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reglrguy

07:29PM | 01/20/01
Member Since: 01/20/01
1 lifetime posts
Bvbrush
I am about to paint my newly installed drywall and have been told that I can rent a sprayer and spray the texture on using the same joint compound that I taped with. The result should be to coat the walls to achieve that "orange peel" texture. Is that better than using a texture roller & paint? Also, which do you do first: Walls or Ceiling...I'm thinking walls first as the ceiling would be impossible to tape off. NOW, anything better or easier for the ceiling other than that popcorn finish?? Thanks for any tips...

Lawrence

05:22AM | 01/25/01
Member Since: 11/14/00
333 lifetime posts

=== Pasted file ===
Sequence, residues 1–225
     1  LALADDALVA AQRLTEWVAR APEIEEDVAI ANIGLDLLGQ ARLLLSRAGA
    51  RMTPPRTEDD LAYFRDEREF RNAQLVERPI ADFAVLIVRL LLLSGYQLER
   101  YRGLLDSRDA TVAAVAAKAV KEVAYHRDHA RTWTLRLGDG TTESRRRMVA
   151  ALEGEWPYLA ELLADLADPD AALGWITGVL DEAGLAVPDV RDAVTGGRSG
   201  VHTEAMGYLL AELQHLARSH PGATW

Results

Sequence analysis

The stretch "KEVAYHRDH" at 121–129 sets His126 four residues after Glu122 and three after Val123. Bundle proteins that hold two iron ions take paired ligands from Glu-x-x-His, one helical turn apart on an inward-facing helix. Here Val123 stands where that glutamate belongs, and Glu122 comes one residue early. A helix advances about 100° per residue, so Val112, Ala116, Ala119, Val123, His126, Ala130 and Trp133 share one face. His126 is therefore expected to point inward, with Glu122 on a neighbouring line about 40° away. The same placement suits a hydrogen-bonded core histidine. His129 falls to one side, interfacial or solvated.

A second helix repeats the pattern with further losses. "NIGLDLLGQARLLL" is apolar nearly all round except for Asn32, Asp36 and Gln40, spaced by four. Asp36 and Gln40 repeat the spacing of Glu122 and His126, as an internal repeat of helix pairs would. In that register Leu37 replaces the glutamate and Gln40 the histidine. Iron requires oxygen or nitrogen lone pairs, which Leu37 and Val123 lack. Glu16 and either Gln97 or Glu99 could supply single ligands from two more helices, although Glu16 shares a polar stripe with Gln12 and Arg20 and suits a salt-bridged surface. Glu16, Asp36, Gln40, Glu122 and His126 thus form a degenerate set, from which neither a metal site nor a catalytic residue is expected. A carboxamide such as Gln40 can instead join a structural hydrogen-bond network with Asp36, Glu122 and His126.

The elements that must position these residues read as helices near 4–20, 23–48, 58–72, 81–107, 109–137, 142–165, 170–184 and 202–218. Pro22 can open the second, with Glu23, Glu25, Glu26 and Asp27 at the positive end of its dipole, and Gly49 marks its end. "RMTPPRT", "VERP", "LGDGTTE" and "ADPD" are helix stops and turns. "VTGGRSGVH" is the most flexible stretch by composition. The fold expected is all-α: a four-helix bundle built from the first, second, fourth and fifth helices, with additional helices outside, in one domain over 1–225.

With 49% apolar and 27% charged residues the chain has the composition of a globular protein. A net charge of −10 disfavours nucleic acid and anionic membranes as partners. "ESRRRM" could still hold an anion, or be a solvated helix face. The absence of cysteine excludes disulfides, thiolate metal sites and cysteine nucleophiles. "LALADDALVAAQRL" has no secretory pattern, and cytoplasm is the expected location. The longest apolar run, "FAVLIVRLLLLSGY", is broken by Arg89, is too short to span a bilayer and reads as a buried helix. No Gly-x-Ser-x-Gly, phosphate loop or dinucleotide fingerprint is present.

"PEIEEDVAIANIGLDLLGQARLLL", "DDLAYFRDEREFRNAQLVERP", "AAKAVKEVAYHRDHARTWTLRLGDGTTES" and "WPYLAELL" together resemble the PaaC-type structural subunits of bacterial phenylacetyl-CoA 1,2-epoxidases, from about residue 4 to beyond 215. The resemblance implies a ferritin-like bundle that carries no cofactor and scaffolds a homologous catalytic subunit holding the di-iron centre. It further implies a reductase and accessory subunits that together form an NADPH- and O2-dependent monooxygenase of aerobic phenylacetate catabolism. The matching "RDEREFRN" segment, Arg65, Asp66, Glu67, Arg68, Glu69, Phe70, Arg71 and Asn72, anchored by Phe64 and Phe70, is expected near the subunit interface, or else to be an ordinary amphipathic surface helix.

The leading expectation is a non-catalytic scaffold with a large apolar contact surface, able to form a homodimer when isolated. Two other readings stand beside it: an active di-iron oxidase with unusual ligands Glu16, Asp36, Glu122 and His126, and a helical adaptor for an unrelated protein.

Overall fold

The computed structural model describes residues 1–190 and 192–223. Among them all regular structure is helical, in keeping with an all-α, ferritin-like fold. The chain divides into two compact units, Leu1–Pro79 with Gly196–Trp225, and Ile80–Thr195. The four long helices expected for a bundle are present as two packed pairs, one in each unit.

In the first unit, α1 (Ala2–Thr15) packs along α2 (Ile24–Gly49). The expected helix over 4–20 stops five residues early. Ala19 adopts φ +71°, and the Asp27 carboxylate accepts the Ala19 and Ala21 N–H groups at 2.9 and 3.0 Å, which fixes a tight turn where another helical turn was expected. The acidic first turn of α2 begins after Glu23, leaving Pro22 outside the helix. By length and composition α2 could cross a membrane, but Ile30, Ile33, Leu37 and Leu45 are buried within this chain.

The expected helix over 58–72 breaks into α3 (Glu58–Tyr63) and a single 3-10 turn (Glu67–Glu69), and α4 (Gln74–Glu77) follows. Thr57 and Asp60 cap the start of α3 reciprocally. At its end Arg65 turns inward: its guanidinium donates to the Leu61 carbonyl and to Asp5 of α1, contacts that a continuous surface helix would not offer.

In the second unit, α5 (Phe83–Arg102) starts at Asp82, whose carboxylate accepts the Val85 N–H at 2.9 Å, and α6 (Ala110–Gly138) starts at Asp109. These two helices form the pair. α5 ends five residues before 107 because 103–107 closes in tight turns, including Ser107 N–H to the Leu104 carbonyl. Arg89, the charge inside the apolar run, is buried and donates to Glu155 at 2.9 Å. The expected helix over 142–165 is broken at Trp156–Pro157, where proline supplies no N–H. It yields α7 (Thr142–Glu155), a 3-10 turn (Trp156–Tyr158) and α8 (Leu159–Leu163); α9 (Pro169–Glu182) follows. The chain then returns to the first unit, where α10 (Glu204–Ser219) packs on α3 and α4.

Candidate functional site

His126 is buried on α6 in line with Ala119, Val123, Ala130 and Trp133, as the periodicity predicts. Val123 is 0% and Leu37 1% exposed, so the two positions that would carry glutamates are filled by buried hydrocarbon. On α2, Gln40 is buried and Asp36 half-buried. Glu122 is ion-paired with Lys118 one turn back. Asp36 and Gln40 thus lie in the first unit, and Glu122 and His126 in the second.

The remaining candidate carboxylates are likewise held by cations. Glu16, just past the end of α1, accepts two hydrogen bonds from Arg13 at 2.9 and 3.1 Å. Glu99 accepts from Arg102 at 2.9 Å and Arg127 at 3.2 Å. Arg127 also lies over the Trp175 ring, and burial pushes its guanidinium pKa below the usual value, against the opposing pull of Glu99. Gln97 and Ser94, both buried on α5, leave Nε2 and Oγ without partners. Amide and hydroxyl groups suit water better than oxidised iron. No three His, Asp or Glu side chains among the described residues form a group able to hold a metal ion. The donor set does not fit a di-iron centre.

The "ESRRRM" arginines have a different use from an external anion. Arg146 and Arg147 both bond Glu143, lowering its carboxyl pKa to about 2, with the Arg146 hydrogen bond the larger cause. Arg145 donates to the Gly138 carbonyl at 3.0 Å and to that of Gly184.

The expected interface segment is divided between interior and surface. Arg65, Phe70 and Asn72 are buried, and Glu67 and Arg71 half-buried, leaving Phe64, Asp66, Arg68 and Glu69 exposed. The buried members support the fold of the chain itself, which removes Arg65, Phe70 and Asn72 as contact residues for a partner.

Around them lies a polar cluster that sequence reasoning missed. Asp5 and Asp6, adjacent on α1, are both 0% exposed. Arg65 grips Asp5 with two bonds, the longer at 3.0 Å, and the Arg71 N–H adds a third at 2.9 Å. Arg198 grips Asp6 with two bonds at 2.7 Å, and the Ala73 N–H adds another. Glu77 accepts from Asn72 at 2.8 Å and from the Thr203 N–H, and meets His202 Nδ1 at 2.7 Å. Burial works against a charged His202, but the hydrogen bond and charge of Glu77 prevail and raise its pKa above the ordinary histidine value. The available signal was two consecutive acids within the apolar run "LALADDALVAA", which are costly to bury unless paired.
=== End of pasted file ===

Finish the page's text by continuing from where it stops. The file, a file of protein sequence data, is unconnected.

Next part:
You can apply texture through a sprayer. However, make sure the sprayer can handle joint compound because most sparayers can only handle the viscosity of plain paint.

Ceilings are better to do first because they are more difficult to work on. (Do the hard part using the easiest method.) If you use a sprayer, you can get a large sheet-metal spray guard which measures about 1 foot by three feet with a big handle on it. Hold it at the corner and slide it as you go. Actually, you should use the sheet metal guard even if you texture with a brush because it provides quicker, better, and easier protection than masking tape.

Popcorn finish should be banned for aesthetic reasons: it is just ugly. There are too many texture finishes available to go over here. For instance, you can brush joint compound in many different ways: circles, seashells semi-circles, random-abstract brush strokes.... Consult a home decor book.

However, I tend to prefer a nice, flat ceiling that creates sharp, crisp lines. It takes only a bit more effort than texturing, but it is really worth it.

rpxlpx

03:52AM | 01/26/01
Member Since: 03/13/00
1678 lifetime posts